Uneven Terrain: When you slow down and hit uneven snow the Sherlock can negotiate uneven bumpy end of the day snow very well. What makes it chattery at high speed makes it pretty good in uneven snow at slower speeds.
Aproximate Weight: The Sherlock is pretty light. It’s on the lighter end of the scale than most boards out there but it’s not in the ultra light category.
Edge Hold: On hard pack days the Burton Sherlock is just not where many boards are. The pressure edge distribution aka frostbite edges are fine in good conditions but Burton’s claim about gripping icy snow is very much over exaggerated. The Sherlock slid across icy patches instead of grip through them and barely hung in there when it came to keeping it’s edge in snowment. We’d really like to see more of an extension of the board between the bindings. The Frostbite tech is about 1/2 of a millimeter extension of the edges but we’d like to see a lot more to make this hybrid rocker grip the snow. The 1/2 millimeter is ok for a camber board but you need more from a hybrid rocker board than this tech. In my opinion the edge hold is holding this board back from being a really fun all conditions ride. It’s only super fun in good conditions and I sincerely wish they would do something about this.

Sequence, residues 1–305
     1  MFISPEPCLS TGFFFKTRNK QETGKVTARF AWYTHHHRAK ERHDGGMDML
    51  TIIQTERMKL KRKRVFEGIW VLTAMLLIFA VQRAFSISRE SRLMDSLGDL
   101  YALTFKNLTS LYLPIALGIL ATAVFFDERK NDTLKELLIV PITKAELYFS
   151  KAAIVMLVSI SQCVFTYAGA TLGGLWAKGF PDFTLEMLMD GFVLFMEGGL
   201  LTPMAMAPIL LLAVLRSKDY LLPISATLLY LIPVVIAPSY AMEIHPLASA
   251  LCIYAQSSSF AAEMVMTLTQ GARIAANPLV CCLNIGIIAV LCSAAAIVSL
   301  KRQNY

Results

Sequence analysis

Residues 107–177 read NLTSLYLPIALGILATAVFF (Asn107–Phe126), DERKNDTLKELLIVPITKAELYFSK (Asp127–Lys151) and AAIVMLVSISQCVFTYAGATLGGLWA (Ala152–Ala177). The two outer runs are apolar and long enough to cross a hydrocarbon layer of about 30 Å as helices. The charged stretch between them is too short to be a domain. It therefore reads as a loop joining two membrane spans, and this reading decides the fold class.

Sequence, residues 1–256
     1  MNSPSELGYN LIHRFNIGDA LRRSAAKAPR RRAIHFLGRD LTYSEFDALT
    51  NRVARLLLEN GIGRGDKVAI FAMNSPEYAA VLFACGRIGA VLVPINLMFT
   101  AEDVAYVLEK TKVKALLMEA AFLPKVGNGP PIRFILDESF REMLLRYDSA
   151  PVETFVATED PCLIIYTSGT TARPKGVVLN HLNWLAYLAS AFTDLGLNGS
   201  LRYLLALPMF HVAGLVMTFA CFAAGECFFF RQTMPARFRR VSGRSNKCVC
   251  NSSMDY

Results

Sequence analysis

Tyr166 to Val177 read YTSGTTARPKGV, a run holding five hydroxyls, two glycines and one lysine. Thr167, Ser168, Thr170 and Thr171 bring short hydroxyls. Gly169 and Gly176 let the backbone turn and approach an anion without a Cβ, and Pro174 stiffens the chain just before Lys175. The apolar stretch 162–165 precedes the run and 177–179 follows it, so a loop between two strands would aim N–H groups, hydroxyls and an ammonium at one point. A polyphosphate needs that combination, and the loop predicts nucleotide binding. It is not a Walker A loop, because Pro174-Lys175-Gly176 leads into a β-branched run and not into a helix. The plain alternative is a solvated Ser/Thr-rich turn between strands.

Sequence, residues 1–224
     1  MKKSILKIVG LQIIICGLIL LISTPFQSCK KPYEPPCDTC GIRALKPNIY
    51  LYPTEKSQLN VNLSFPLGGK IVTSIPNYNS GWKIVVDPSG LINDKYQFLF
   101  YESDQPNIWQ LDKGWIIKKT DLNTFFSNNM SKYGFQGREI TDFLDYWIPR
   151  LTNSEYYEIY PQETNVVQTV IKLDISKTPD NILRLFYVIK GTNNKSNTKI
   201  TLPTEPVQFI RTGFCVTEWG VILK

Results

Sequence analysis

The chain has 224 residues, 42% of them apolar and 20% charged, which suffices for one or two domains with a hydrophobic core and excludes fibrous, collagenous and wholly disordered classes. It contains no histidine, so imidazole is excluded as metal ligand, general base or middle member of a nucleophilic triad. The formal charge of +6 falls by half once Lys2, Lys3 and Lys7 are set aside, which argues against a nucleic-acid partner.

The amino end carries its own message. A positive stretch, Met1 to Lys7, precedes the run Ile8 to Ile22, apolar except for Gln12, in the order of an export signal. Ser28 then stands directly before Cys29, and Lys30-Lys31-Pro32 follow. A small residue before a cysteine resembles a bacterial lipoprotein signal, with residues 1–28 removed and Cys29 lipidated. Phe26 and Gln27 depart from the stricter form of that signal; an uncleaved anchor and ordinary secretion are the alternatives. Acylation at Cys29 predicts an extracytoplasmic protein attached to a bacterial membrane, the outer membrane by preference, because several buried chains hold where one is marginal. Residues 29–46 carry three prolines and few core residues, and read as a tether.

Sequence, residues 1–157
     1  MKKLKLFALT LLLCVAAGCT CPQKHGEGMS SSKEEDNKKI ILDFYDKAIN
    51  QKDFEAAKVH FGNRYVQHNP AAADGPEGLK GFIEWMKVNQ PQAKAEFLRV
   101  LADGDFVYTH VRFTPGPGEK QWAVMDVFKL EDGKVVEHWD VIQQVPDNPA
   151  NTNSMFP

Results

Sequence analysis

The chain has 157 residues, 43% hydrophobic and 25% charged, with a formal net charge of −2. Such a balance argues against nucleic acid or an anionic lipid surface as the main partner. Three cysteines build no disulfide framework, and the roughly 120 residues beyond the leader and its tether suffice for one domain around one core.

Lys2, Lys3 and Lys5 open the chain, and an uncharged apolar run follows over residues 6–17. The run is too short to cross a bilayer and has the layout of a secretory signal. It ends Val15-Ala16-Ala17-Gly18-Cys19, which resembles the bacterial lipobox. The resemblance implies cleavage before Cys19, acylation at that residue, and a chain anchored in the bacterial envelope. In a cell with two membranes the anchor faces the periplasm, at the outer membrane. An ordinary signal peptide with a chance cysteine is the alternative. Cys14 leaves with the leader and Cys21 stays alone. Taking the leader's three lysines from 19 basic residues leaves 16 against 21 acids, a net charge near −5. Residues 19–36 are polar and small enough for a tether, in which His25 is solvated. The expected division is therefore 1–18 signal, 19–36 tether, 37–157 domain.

Flex: As far as Burton goes it’s more of a medium to even medium/stiff flex. Burton caters to lighter riders. I’m pretty heavy for someone my height and shoe size so this board felt flimsy compared to many in it’s class. Burton’s sweet spot was really set for a rider who is much lighter and the same height as I. So if you are thick like me there are other boards that will do better than the Sherlock. I would think that even for a much lighter rider this board will still have the ability to easily butter and press.